Insomnia Turns to Narcolepsy
Battling Crippling Insomnia with Music
When I was living in Northern California, I was the most isolated I had ever been in my life. I didn’t know anyone and I didn’t have any real responsibilities beyond the semester of college I was taking. My sleep schedule was completely thrown off. I was often awake for more than 24 hours straight at a time. My mind was unable to shut off. Isolation is often said to be the breeding ground for creativity. I was reading more often than ever before in my life and writing just as much. I can remember lying in bed at eleven in the morning, unable to get my mind to shut off long enough for me to pass out. I would have similar bouts of sleep deprivation in my years managing in a fast food restaurant where my hours were often long and erratic, interrupted by late night phone calls and demands to return to my business location. I would have trouble getting myself into a rhythm to actually fall asleep.
These albums below have been extremely helpful in assisting me with insomnia. All five of these albums are fairly different from each other, but are fairly cohesive in sound and tone throughout the album, which is important in trying to establish a lull. Dynamic sounds can be distractive and can break up the momentum you have. Some of the albums are a little more aggressive in nature, but the way the guitar blends and the way the drums connect seem to always put me into a slumber.
To many listening to this album, they would say that there is no way they could ever sleep to it. For me, I’m out like a baby by the time I get to this song. Especially at 6:50 in, the acoustic sound and the ambiance created is like Thanksgiving dinner for me. I don’t know if it’s the contrast between the two singers, the way the guitar notes mesh together, or if it’s the way the drums are continuous and not overpowering. This is by far my favorite album from Enslaved but their whole catalog is worth checking out.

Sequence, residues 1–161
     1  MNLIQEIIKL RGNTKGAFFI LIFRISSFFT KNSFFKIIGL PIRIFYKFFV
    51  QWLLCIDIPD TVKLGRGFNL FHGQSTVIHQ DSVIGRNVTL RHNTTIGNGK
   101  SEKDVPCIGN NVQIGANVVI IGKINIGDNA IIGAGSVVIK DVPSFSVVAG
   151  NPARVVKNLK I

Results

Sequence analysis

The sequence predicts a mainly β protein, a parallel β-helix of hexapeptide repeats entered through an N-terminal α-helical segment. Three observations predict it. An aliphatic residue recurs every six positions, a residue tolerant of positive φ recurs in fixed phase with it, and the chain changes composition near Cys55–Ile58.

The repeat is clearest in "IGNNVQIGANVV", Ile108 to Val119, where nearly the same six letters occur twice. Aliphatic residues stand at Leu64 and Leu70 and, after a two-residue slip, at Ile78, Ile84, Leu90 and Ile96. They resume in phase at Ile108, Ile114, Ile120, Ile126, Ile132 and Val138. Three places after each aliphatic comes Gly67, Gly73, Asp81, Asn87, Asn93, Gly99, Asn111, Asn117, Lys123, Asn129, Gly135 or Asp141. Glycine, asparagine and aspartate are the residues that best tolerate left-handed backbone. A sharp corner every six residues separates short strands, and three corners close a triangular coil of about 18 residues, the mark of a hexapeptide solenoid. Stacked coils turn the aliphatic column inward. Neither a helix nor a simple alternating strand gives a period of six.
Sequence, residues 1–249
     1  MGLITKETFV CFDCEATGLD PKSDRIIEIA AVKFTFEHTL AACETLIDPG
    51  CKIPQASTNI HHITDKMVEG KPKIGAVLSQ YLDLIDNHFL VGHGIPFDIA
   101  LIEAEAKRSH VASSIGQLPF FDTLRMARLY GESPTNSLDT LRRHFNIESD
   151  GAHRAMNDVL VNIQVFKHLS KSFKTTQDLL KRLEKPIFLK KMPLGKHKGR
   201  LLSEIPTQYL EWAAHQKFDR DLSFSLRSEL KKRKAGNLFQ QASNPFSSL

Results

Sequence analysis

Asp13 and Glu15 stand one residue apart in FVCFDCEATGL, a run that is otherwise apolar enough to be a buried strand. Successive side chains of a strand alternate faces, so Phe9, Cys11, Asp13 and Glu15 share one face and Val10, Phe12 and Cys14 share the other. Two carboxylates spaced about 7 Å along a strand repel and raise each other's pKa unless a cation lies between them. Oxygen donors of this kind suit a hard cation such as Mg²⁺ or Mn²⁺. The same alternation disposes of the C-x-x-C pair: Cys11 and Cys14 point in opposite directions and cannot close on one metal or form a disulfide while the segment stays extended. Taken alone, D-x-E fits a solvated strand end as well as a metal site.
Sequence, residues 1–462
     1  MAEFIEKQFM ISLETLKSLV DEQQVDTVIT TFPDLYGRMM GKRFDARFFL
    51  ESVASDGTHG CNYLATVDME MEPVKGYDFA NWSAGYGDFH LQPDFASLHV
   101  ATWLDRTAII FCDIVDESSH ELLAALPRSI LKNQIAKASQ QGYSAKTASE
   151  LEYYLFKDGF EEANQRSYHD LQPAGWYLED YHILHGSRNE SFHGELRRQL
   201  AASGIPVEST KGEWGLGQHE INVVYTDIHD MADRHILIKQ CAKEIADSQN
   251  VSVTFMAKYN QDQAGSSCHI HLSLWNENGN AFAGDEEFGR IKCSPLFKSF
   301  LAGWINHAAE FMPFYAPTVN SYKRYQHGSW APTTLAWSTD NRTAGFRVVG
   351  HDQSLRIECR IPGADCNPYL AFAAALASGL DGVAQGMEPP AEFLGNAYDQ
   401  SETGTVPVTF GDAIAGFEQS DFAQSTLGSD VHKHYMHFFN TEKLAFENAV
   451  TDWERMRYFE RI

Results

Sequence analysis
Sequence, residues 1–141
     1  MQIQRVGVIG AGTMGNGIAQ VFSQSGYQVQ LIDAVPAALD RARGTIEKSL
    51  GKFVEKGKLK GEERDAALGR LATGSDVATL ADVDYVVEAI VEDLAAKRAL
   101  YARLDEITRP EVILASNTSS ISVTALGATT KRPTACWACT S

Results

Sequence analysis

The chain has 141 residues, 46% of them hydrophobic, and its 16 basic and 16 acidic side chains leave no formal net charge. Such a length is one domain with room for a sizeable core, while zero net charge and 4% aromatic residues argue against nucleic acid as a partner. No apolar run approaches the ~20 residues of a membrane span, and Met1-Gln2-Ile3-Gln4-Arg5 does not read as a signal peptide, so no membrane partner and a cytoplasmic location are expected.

I’ve discussed in the past that Opeth once made a progressive rock album while they were still doing death metal. This album is intended as the literal antithesis of 2002’s Deliverance album. I used to listen to this album while playing Final Fantasy VIII. The song Windowpane (featured above) reminded me so much of the train rides the characters would take from Balamb Garden that the image is forever indoctrinated into my mind. I would find myself using this to fall asleep when I was trying to get ready for sleep so I could wake up on time for my very first job in the summer of 2003. This is the perfect album to check out if the heavier stuff wasn’t your thing.
To me, Origin is the black metal version of Damnation. A completely, nearly acoustic album from a band that normally plays pretty heavily. The main difference between this album and Damnation is the inclusion of orchestral elements and wind instruments. Because there is no electric guitar anywhere prevalent in this, the strings involved are even more enchanting. Classical music tends to have really sharp moments and higher pitched sounds, but Origin uses many lower pitched and more peaceful sounds to induce an easy sleep.
Rubicon was surprising for me because I had known Tristania to be a more aggressive female/male vocal combo in the past. This album didn’t seem to have the qualities for sleep assistance when I first listened to it, but I found myself entranced as the album wore on. If you like female singers, Mariangela Demurtas is one who separates herself from the many “dime a dozen” sounds that you can hear in the genre. Their earlier works involve a lot of death/doom elements and their later albums, like Rubicon, feature softer gothic elements with some symphonic moments.
I was working two jobs in 2006 and you can imagine that it would probably be easier to sleep with the extra labor involved. It usually was, as I was near exhaustion after working both of them in one day. I was taking the bus everywhere I went and the second job was an hour’s ride home. Initially, I was just checking out this album because I had heard some Neurosis in the past and I was really curious about this particular album. I happen to think it is the best sludge album of all time. The songs average over eight minutes and there are many long, droning, even psychedelic passages that make the post-rock record very intoxicating.
Feel free to check these albums out if you’re ever feeling the insomniac itch or even if you’re just looking for something new to jam to. Next week, I’ll be discussing the Watsky show in my first concert post. I look forward to seeing you again.